When students think of the engineering major, late-night studying, hard classes and pulling all-nighters come to mind. However, this doesn’t always have to be the case! CM’s guide to the engineering major will help you master this grueling area of study in no time. Complete with tips from current engineering students as well as some advice from alumni, this guide has it all.
Here’s everything you need to know about the engineering major.
What You’ll Be Doing
Engineers are incredibly important to our world. They’ve played a huge part in advancing technology as well as healthcare. Engineering students can choose from various specific fields like civil engineering, chemical engineering and mechanical engineering.
“In civil engineering there are also five specialties that you choose from. Then once you choose your specialty, then you take those specific classes,” said Sophia Melocchi, a civil engineering major at Penn State.
However, before you even choose which kind of engineering you want to do, you’ll take the prerequisite courses that will include the dreaded calculus, physics and basic computer science. Once you finish the core classes, you’ll move on to classes specific to whatever engineering route you decide to go with.
Classes You’ll Take
1. Introduction to Environmental Engineering
Introduction to Environmental Engineering introduces you to science and engineering principles that deal with natural and engineered environmental systems. Throughout this course, you’ll also learn how to deal with wastewater air pollution control and manage hazardous wastes. You’ll brainstorm and identify ways to deal with pollution.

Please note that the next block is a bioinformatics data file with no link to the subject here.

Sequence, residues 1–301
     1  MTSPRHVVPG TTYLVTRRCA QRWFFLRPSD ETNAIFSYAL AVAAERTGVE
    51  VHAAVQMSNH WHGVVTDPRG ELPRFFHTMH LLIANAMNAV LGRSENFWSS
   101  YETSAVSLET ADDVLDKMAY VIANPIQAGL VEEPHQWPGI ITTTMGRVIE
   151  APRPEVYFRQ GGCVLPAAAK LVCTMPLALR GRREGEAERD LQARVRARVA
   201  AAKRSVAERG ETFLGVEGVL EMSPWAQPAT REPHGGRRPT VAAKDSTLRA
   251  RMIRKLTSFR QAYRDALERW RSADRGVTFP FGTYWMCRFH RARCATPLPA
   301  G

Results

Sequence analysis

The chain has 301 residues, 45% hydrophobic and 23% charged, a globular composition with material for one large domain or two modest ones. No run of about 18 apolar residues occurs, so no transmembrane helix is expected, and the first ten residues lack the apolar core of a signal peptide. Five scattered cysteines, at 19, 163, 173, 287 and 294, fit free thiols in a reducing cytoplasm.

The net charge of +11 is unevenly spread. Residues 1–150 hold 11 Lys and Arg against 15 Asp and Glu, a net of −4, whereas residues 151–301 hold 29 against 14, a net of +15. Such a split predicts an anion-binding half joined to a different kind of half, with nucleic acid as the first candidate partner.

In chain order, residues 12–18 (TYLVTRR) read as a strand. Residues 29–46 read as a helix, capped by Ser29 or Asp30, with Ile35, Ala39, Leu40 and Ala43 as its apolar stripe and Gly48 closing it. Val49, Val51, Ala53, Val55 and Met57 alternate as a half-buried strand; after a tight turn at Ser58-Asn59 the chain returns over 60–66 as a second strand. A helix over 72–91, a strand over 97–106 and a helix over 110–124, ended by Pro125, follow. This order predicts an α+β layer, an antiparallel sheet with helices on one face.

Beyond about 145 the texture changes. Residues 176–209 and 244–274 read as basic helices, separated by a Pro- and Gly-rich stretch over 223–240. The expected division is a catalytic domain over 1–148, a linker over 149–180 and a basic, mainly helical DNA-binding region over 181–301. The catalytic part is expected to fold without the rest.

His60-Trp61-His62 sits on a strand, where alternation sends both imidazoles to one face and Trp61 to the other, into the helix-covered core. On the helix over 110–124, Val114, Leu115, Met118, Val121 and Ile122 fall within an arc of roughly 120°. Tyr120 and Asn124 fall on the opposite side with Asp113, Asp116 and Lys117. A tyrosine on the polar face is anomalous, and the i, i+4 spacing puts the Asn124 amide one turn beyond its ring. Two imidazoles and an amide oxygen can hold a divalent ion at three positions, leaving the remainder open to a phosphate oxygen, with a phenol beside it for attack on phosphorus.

“If you go to Penn State, take this class with Professor Gorski,” said Melocchi. “He made the class enjoyable and not as stressful as some of my other engineering classes.”
The topics you’ll learn about are extremely important especially in today’s day and age with the issue of climate change.
2. Finite Elements in Engineering
In the Finite Elements in Engineering, you’ll learn finite element theory and problem modeling and apply the theory to problems with elasticity and heat transfer. You’ll also be presented with problems to practice solving and documenting the use of commercial FEA programs. FEA is important when it comes to engineering, as it shows whether a product will break, wear out, or work the way it was designed.